Video of HighWaterLine Bristol
Residents created a public artwork from 9th-21st September 2014 by artist Eve Mosher by physically drawing a chalkline of the high water mark set out by scientists of future flooding in Bristol. Local people from many different backgrounds drew a 32 mile long line around the river and harbour areas of Bristol, handing the sports chalkier creating the line from one community group to the next.
The project aims to stimulate residents to use art to engage people in Bristol with conversations about flooding, climate change impacts as well as solutions.
CHALK DRAWING LOCATIONS:
Avon: Tow-path, Portway and Cumberland Basin
Ashton Gate and Ashton Vale including Grenville Smyth Park
Spike Island and Malago
St Judes and St Pauls
St Werburghs, Easton and Eastville
St Phillips Marsh
From Brislington to Beese’s Bar and Tea Gardens
Why Bristol? – High Water Line Bristol September 2014
In January 2014 with the storms and high tides Bristol suffered the most dramatic flooding from the Avon River in over 20 years. Bristol is very susceptible to flooding through increases in the levels of the Bristol Channel passing through to the River Avon according to Bristol City Council data.
The UK Climate Projections 09 report cites that the Bristol tidal surge height will increase most rapidly between 2010-60. Project advisor Lindsey McEwan, Professor of Environmental Management, Centre for Floods, Communities and Resilience, University of West of England (UWE), states that ‘Bristol is one of the five key areas of the UK that need to address community resilience to floods’.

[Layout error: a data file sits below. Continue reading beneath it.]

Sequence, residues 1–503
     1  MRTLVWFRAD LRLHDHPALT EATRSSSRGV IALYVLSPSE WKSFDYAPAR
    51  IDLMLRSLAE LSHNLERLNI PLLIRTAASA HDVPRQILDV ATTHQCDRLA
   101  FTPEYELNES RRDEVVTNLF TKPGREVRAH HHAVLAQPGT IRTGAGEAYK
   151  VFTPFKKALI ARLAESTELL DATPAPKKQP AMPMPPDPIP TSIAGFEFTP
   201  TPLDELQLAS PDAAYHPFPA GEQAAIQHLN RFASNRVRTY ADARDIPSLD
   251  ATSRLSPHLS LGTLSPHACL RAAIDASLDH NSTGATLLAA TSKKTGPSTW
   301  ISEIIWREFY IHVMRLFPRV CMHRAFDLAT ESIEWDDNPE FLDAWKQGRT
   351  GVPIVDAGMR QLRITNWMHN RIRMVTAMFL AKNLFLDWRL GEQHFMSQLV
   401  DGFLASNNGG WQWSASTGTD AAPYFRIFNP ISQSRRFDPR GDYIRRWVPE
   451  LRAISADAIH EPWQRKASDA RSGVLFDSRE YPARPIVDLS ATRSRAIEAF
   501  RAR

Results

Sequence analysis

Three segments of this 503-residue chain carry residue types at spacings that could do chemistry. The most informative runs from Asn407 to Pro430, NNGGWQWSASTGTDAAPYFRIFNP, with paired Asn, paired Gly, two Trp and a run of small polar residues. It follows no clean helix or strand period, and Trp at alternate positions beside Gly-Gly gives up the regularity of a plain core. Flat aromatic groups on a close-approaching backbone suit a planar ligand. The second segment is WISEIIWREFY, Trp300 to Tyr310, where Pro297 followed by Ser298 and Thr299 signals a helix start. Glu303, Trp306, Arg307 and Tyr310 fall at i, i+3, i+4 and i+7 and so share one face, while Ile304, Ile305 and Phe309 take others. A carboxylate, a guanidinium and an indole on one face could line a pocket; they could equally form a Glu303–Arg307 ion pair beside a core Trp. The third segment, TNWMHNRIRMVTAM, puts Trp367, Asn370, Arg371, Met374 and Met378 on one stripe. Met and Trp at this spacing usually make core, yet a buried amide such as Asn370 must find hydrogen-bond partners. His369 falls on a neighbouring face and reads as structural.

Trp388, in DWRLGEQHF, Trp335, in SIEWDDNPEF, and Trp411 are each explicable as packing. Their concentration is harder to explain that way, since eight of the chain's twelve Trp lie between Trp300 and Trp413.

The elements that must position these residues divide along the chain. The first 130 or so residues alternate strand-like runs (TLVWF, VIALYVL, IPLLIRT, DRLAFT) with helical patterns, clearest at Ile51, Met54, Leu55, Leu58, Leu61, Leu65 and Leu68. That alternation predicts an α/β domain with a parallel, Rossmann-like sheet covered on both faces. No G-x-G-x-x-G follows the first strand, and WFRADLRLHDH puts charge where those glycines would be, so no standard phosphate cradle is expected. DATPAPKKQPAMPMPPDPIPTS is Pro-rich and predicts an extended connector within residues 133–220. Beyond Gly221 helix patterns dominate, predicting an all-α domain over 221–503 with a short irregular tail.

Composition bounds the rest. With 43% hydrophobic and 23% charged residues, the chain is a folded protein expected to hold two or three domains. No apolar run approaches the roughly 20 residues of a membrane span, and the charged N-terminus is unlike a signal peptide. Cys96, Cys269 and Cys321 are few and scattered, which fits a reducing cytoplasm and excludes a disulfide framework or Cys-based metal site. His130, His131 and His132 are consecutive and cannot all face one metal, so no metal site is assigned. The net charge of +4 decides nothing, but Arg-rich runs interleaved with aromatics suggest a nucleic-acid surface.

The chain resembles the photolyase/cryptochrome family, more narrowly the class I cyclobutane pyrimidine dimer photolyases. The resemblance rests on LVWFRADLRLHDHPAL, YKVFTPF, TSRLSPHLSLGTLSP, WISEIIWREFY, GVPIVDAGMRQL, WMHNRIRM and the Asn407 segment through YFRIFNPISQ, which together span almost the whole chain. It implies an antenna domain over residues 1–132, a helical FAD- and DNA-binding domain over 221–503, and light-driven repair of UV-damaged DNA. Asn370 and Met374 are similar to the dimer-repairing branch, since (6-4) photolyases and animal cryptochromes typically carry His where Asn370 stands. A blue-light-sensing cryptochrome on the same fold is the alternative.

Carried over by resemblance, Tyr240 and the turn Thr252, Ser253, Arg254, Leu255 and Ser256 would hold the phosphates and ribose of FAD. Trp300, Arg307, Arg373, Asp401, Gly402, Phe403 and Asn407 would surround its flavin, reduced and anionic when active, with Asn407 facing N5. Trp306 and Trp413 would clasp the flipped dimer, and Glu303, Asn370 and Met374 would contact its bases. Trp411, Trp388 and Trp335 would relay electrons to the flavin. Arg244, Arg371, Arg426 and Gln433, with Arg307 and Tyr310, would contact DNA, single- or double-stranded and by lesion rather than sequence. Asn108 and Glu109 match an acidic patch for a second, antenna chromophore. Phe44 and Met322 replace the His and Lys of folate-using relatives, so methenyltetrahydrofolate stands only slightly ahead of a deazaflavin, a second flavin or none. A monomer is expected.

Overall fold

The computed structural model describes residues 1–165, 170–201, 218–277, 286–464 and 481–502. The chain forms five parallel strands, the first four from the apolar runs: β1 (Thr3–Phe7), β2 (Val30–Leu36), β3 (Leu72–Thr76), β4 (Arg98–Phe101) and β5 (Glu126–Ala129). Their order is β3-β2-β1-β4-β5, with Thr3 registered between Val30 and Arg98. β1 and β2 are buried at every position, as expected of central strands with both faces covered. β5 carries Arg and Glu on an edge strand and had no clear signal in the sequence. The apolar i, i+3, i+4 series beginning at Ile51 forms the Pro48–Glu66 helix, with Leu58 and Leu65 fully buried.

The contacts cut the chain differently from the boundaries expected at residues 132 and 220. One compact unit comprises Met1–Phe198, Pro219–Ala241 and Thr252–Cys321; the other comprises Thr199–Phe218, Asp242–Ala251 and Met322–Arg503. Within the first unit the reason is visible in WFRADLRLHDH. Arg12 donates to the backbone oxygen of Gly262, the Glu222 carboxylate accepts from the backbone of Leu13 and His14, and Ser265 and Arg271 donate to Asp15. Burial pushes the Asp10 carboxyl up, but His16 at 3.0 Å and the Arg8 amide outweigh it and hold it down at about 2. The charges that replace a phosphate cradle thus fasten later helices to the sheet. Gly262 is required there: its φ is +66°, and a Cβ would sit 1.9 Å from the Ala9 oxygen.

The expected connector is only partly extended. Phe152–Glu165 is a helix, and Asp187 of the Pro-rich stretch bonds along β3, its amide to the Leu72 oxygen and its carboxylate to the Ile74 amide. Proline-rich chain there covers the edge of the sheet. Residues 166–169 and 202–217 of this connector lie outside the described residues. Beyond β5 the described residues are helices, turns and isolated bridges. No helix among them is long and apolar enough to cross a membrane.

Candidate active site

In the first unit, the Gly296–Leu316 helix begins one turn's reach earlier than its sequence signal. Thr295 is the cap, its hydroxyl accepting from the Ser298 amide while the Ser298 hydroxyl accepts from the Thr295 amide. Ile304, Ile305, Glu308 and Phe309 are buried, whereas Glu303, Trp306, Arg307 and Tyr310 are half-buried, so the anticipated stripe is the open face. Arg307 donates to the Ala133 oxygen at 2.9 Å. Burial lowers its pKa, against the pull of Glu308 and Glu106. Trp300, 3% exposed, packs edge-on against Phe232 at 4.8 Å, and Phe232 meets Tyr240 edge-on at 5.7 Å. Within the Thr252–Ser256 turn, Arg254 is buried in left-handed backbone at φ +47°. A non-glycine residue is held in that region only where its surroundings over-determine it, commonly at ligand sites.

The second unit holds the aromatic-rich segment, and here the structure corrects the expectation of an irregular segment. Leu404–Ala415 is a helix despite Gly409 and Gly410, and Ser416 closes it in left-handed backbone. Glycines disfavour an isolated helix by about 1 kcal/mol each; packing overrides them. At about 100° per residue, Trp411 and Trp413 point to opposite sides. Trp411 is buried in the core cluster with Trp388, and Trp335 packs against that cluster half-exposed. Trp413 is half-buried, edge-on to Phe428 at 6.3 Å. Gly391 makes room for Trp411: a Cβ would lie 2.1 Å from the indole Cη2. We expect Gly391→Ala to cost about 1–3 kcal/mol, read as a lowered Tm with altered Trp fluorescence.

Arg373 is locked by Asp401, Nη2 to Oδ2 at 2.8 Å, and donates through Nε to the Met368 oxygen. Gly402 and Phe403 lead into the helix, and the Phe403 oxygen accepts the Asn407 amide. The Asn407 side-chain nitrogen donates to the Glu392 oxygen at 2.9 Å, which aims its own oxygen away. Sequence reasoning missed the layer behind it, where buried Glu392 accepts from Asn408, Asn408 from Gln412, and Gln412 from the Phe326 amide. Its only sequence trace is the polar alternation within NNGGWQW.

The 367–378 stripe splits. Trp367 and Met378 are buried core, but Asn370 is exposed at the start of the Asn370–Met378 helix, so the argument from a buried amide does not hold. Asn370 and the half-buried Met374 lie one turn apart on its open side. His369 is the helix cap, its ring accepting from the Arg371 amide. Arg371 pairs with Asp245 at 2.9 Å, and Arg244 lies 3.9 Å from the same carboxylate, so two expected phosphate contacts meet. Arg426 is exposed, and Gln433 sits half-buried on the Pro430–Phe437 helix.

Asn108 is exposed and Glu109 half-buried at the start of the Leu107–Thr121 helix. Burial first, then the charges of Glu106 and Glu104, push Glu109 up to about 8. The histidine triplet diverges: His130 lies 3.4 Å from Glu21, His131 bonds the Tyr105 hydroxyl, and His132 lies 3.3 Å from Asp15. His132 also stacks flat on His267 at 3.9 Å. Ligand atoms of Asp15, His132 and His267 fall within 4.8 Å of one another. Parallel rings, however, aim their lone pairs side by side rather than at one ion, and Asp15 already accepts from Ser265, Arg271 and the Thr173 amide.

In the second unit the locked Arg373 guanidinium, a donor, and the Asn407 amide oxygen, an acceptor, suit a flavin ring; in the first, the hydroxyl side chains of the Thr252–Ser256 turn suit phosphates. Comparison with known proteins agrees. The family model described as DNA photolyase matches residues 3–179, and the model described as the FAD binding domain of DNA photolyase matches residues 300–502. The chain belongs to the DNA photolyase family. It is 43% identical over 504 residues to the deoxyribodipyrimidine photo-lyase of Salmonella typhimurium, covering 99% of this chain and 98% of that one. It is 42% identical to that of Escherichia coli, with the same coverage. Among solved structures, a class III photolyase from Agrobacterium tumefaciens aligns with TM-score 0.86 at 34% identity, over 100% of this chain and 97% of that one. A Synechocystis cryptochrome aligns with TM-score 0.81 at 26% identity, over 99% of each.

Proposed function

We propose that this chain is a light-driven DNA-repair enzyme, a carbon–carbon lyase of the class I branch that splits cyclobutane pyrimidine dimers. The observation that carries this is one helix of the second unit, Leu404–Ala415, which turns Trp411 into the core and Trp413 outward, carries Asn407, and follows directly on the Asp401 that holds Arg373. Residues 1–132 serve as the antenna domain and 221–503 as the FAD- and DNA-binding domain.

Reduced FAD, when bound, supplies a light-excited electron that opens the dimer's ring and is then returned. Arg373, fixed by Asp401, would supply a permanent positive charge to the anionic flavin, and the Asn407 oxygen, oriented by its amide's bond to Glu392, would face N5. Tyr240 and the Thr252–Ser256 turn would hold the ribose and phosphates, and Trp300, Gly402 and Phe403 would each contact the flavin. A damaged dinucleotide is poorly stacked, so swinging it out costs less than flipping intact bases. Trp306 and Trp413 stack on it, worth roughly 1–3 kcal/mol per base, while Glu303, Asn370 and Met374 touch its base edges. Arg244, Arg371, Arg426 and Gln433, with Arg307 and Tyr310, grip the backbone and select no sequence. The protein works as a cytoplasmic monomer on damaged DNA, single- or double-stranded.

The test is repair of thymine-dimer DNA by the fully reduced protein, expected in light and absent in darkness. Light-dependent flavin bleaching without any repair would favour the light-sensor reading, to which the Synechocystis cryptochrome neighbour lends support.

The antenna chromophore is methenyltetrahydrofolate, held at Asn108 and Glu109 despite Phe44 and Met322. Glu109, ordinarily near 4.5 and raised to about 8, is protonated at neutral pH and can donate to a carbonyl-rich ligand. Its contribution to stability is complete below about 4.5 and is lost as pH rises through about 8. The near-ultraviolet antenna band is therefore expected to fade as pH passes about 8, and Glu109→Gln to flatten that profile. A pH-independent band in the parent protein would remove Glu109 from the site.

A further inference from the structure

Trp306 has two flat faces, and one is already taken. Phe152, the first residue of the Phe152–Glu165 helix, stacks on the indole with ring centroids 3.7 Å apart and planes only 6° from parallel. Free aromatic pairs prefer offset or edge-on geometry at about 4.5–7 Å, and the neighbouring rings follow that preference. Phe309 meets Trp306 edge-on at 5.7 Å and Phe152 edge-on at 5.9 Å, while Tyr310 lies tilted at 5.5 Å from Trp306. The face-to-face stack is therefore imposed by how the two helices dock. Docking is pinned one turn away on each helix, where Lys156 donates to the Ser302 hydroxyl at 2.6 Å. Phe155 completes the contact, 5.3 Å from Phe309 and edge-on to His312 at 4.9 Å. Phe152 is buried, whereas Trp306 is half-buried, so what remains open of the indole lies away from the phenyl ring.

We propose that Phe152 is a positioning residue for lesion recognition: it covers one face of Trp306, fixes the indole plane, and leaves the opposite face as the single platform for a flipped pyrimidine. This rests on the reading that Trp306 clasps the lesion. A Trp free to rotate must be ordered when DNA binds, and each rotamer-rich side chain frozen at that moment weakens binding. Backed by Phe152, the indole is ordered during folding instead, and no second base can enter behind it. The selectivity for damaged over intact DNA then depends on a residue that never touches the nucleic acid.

HighWaterLine 2014 is partnership with the Unearthed History Collective, University of West of England, Bristol Civic Society, St Werburghs Living History, Alison Crowther Associates and Bristol City Council Flood Risk Management Team.
Excitingly Bristol is also the European Green Capital in 2015 and we would like to continue the project as part of the years activities.
Project manager Isobel Tarr organised workshops and tools to support Bristol communities in developing new ideas for a resilient future. These included a history walk: Water in St Werburghs: Past, Present & Future, as well as an evening of talks and discussions on flooding at Beese’s Bar and Tea Gardens.
HighWaterLine Bristol is funded by Arts Council England (Invisible Dust in Museums), Lush Foundation and USA HighWaterLine Foundation support.
For more information and background see Eve Mosher – HighWaterLine
or visit the event website HighWaterLine Bristol
More news: @Invisible_dust and @BristolHighWL and whereistheline
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